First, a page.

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The Daily Tar Heel

Old defensive woes resurface in UNC football's sputtering end to regular season

mayo bowl halftime-1.jpg
The UNC football team runs out onto the field during the Mayo Classic football game against South Carolina at Bank of America Stadium on Saturday, Sept. 2, 2023.

All roads lead to Charlotte.

The UNC football team started its season in the Queen City — walking away with a 31-17 win over South Carolina in the Duke's Mayo Classic — and hoped to return to Bank of America Stadium in early December for another shot at an ACC Championship.

And while the prospect of a repeat conference title appearance drained away during the rocky second half of the season, the Tar Heels will still be traveling to Charlotte — just a few weeks later. After a 6-0 start, UNC (8-4) will end its volatile season against West Virginia (8-4) in the Duke's Mayo Bowl on Dec. 27.

After sacking South Carolina quarterback Spencer Rattler nine times to kick off the year in a statement win, North Carolina's defense appeared poised to dominate after years of being the program's Achilles heel, a juxtaposition to the Tar Heels' traditionally high-powered offense.

"We can definitely build off this," UNC senior linebacker Cedric Gray said following the season opener. "We're not going backwards."

For the next few weeks, UNC football surged forward. After squeaking out a win against Appalachian State at home in double overtime, the Tar Heels continued to triumph against Minnesota, Pittsburgh and Syracuse. At 5-0, all eyes were on the ACC heavyweight bout between then-No. 12 UNC and then-No. 25 Miami on Oct. 14.

Instead of panicking, North Carolina, led by junior receiver Tez Walker's three-touchdown supernova performance, earned a decisive 41-31 win, putting up 21 unanswered points in the third quarter.

“This is a game that sometimes in our past people would’ve thought we would’ve lost,” head coach Mack Brown said after the win. “Because people were bragging on us and because we were walking around and Miami came in to upset us.”

The Tar Heels became one of only a handful of undefeated teams in the country. They were 6-0 for the first time in 26 years, and were 23.5-point favorites against a 1-5 Virginia team. What could go wrong?

The Cavaliers came into Kenan Stadium over UNC's fall break and delivered a 31-27 upset, penning a new chapter in the South's Oldest Rivalry. At the time, Virginia was ranked last in the ACC's scoring offense and defense.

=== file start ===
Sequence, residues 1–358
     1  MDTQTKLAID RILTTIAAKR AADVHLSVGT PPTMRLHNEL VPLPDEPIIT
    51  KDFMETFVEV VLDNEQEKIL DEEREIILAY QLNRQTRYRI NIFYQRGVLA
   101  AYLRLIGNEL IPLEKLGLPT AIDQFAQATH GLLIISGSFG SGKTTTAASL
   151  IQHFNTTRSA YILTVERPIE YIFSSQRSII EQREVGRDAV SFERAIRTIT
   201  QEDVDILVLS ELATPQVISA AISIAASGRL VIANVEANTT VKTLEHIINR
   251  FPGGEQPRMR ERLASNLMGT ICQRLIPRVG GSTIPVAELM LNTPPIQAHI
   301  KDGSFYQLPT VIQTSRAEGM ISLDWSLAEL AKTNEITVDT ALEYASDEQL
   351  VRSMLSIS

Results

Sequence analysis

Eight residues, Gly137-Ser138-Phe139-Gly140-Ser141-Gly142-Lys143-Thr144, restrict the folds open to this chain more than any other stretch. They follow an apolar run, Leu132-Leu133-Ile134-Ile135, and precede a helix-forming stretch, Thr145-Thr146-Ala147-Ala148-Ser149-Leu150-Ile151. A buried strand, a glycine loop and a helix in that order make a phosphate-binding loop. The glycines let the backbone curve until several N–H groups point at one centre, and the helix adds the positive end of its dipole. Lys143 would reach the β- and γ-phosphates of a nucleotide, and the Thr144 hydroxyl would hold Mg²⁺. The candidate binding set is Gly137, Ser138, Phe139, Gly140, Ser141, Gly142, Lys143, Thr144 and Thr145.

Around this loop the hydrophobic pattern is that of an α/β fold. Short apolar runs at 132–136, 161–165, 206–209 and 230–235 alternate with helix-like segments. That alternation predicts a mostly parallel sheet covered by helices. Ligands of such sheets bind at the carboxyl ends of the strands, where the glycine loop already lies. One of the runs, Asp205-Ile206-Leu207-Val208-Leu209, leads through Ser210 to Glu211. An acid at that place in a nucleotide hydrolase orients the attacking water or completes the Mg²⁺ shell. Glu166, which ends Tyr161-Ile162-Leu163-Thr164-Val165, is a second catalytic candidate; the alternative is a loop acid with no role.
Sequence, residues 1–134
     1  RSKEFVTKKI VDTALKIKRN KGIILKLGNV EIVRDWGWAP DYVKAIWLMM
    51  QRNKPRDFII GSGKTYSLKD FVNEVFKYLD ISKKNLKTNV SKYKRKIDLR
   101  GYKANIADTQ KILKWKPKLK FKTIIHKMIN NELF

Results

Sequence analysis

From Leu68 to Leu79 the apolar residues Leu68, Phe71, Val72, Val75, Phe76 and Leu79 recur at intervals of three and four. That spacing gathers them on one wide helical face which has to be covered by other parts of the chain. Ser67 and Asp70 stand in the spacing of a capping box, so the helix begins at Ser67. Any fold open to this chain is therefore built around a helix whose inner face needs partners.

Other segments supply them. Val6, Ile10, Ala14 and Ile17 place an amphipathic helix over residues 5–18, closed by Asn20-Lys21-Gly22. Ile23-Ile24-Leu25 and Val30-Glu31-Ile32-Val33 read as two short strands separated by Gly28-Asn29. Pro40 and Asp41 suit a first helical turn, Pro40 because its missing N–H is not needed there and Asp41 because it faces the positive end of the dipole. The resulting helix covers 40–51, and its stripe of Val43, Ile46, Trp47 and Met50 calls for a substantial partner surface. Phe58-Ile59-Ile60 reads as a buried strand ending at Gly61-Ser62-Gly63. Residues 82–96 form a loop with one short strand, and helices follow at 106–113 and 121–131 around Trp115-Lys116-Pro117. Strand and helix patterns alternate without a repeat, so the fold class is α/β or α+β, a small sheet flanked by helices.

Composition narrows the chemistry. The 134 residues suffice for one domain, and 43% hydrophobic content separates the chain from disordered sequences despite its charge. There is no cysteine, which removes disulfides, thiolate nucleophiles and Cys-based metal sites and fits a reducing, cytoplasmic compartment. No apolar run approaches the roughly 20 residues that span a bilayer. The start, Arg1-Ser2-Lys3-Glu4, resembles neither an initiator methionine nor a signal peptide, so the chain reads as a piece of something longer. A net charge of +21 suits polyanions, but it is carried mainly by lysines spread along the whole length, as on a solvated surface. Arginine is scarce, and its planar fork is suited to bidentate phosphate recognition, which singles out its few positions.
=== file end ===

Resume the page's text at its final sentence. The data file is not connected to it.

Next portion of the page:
“Virginia had a plan,” Kaimon Rucker, UNC senior jack, said postgame. “They stuck to the split outside zone plays and they were very successful off of them. Virginia came to play and we didn’t.” 

From there, déjà vu quickly became a jarring reality as UNC's season continued to spiral. The Tar Heels gave up a combined 52 second half points in losses to Georgia Tech, Clemson and N.C. State. 

However, unlike the downward tailspin of last year with four consecutive losses to end the season, the Tar Heels found bright spots in their thrashing of Campbell and a double-overtime victory over rival Duke.

“I don’t think there is a common thread,” Brown told the media after the Tar Heels' 39-20 loss to N.C. State. “We keep looking for ways to win more than eight games and we had a chance to win nine again.”

Common thread or not, 2023 saw North Carolina start another season with high hopes and end once again in mediocrity, taking the less optimal road to Charlotte. Two years ago, UNC was tabbed as the preseason No. 10 team in the country, only to end at 6-7 with — as fate would have it — a loss to South Carolina in Charlotte at the Duke's Mayo Bowl.

“We also haven't responded very well after positives,” Brown said after UNC’s win over Minnesota. “We haven't handled success very well.”

The Tar Heels will seek to break this pattern in their Dec. 27 match-up.


@dthsports |

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